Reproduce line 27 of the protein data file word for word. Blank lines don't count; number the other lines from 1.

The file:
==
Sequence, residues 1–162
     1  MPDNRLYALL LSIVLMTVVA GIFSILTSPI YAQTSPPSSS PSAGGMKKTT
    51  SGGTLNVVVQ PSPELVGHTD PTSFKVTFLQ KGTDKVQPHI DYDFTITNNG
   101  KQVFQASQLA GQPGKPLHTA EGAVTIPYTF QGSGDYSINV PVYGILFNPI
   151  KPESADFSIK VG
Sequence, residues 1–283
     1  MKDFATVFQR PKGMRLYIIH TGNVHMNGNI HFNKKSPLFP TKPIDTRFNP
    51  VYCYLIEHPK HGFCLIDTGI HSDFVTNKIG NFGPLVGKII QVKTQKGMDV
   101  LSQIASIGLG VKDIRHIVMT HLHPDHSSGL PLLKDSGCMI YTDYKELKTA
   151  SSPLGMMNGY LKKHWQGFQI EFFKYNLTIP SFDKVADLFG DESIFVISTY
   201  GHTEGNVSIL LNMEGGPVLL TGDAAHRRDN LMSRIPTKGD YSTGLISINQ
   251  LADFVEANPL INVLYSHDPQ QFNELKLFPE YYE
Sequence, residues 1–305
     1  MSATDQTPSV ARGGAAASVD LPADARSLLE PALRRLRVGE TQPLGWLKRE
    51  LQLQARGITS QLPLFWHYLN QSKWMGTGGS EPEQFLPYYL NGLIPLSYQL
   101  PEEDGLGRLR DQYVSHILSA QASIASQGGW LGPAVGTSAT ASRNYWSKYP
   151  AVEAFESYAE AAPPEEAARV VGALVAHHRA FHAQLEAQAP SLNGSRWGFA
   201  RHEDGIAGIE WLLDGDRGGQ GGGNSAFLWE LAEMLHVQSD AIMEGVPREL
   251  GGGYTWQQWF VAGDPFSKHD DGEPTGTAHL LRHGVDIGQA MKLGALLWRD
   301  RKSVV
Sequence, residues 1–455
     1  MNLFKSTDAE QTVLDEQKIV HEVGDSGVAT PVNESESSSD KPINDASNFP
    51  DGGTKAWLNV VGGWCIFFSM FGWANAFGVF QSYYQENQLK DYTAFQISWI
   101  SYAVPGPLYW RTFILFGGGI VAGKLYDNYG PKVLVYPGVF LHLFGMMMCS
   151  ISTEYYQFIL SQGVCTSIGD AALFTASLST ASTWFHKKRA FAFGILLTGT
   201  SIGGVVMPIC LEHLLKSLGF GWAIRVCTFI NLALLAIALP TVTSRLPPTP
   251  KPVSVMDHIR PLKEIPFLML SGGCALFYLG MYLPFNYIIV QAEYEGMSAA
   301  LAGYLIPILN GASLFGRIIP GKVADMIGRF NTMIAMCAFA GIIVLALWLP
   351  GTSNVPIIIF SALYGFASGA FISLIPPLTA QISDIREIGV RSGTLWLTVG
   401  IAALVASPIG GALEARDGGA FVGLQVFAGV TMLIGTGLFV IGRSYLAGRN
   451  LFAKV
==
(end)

   251  KPVSVMDHIR PLKEIPFLML SGGCALFYLG MYLPFNYIIV QAEYEGMSAA